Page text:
Travel: Oklahoma City Zoo Safari Lights Are Not To Be Missed | Community


Wow – the Oklahoma City Zoo Safari Lights exceeded my expectations.

I wasn’t particularly excited when I saw that they were going to make a holiday light display. I saw a lot of examples – Orchard Road in Singapore, New Years in Hong Kong, various exhibitions from cities across the country.

I’m sure there are many more that are spectacular. But in Oklahoma, this one takes the Christmas cookie.

Yes, you will find some of the more common and flat figures, but the plethora of three-dimensional animated exhibits at the zoo are true works of art. More than 50 exhibits are scattered around the grounds of the zoo.

The complete experience is in two parts.

The first segment is a road trip that begins in the southern part of the zoo, near the elephants and big cats. It’s baffling to walk through the zoo in the dark – you won’t see the real animals so it was hard to tell exactly where we were. But don’t worry, just follow the car in front of you.

My first idea that this was going to be something really different was to walk through an entrance guarded by colorful dragons and past a wall of glowing red lanterns. The path, lined with pastel flowers, led to a bamboo forest where baby round pandas were frolicking.

The figurines, sculpted lanterns, are created from steel frames covered in translucent fabric and illuminated from the inside by LED lights. Each individual lantern takes several days to make.

The elaborate details are hand painted and are incredibly intricate and beautiful. It took 10 trucks to bring all the pieces to Oklahoma City, and a team of 30 artisans worked for over a month to create the zoo exhibit.

Photography was difficult on the drive; traffic must continue, albeit at a slow pace. A convertible, although cold, would be an ideal vehicle (vehicles include SUVs, but not RVs, limousines, or other permitted extra-large vehicles).

Make sure your front windshield is clean. Pulling out the front passenger window, I had harsh words for the side mirror.

The light displays present a wide variety of subjects, from fanciful or mythical animals and prehistoric creatures, to representations of species found in the zoo. These are interspersed with fantastic flowers, butterflies and stars.

Placement is hit or miss, with a grizzly family near grazing elephants, rhinos, and giraffes, while Tyrannosaurus rex and other fearsome beasts show their teeth nearby.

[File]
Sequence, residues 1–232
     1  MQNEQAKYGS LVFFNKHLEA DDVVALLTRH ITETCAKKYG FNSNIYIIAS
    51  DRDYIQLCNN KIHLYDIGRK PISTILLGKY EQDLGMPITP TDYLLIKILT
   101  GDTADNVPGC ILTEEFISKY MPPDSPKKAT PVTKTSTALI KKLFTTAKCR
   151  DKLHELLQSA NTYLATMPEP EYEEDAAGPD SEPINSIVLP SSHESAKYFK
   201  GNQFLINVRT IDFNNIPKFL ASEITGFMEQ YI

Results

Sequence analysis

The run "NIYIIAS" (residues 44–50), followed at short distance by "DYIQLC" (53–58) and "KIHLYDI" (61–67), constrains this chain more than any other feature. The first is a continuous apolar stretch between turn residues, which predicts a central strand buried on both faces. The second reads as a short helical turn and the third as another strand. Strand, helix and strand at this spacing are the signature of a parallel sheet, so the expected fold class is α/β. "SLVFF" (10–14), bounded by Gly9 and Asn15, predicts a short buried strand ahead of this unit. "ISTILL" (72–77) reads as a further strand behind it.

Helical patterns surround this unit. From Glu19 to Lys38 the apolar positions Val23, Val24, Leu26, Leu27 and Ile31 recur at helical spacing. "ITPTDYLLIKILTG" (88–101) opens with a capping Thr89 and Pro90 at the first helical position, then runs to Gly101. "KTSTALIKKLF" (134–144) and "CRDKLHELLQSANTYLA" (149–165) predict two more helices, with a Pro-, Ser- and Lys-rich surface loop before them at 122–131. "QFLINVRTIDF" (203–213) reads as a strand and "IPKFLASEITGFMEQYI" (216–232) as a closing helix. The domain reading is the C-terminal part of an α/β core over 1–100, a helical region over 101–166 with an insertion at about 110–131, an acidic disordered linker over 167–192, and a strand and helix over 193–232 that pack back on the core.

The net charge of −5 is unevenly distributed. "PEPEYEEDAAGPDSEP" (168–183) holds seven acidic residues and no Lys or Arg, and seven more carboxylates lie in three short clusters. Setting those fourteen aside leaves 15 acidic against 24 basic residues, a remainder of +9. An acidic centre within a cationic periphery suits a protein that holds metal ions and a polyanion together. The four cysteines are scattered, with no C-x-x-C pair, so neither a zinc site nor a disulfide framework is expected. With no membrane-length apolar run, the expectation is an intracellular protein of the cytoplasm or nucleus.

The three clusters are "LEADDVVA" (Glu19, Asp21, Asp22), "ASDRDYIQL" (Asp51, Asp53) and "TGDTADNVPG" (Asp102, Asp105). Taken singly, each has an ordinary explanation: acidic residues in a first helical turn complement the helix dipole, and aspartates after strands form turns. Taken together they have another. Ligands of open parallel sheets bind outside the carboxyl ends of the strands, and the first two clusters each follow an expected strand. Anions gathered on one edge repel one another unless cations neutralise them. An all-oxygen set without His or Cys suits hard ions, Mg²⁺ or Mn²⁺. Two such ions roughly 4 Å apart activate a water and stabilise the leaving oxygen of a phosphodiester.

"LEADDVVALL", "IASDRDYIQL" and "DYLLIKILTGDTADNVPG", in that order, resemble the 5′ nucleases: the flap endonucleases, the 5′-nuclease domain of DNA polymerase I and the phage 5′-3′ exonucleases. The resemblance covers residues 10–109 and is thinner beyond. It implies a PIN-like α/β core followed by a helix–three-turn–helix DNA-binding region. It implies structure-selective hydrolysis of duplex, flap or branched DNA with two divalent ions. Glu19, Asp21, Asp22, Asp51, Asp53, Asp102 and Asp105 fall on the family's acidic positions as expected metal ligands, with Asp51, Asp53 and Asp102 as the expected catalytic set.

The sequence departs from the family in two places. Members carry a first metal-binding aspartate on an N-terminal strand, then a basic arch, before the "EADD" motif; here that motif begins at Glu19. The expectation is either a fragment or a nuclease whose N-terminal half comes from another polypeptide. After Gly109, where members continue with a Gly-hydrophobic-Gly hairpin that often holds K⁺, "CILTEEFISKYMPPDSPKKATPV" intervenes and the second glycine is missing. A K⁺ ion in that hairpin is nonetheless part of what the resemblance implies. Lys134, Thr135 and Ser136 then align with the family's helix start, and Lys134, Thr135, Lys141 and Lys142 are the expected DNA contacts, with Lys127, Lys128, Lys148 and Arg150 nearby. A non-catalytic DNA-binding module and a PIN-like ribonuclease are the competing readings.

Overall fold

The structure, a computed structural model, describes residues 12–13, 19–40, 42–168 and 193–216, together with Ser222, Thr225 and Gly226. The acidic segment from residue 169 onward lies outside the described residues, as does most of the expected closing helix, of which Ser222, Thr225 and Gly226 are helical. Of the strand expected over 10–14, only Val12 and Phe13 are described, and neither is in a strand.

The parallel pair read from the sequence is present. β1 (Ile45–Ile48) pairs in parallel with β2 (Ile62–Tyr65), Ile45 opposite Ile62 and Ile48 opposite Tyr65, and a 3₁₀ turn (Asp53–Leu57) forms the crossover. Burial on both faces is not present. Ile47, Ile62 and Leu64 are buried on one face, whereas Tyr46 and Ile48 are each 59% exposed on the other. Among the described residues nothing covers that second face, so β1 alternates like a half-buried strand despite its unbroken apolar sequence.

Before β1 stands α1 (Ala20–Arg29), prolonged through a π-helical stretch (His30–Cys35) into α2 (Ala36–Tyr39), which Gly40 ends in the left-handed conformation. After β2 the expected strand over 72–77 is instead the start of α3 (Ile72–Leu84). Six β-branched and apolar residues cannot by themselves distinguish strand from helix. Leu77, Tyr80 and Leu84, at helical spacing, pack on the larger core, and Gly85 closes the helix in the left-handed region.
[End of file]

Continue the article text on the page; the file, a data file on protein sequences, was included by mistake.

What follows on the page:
It’s hard to pick a favorite view, but the Zoo Bridge has to be at the top of my list. Giant flowers, frogs and dragonflies line the road; above the head, pink water lilies with large green water lilies hang upside down.

The ride ends in the zoo’s main parking lot. The driving portion of Safari Lights takes approximately 30 minutes.

It might seem expensive ($ 60 per vehicle for non-zoo members, $ 50 for ZOOfriends members), but tickets, which must be reserved in advance, include up to four bracelets for the passing part. .

Plan to arrive at least 15 minutes before your scheduled time – there will likely be a queue at the entrance. Enter via Remington Place / Grand Boulevard.

Once you exit the drive-thru, park and walk through the main entrance. Walk-in and in-car customers who require additional bracelets can purchase them here.

The highlight of the entrance plaza is a 10+ minute light show featuring the Miranda Family Lights, which premiered on ABC’s The Great Christmas Light Fight in 2019 (this includes strobe effects, so if you are sensitive to intensive lighting, you I want to jump quickly in this area).

It is possible to buy tickets only for the crossing part of the zoo, but if you plan to go there on a weekend evening, check if tickets are limited. Online purchase is suggested. The tour takes you through the petting zoo, past Stingray Bay and into the DINO SAFARI area.

Lanterns in this area include a Pegasus-pulled Cinderella-style carriage, a preparing peacock, sea turtles, and a giant crab with a bubble machine providing an underwater accent.

Particularly popular interactive elements in this section are large, lighted tire-type swings, musical stars to dance on, and a slide. Although Santa himself is gone after December 25, a giant Santa Claus lantern makes for a good photoshoot. Other activities available on limited nights are cookie decorating and more.

Tickets for the guided tour are $ 10 per person for ZOOfriends members and $ 12 for non-members over three years old. The Safari Lights experience is open every evening from 5:30 p.m. to 11:00 p.m. with the last admission no later than 10:30 p.m., until January 9.

For more details, visit the zoo’s website at okczoo.org. (FYI: this winter, the zoo is closed to day visitors on Tuesdays and Wednesdays.)

The Oklahoma City Zoo had one last holiday light show in 1992. Things have come a long way, baby. It is truly an opportunity not to be missed.


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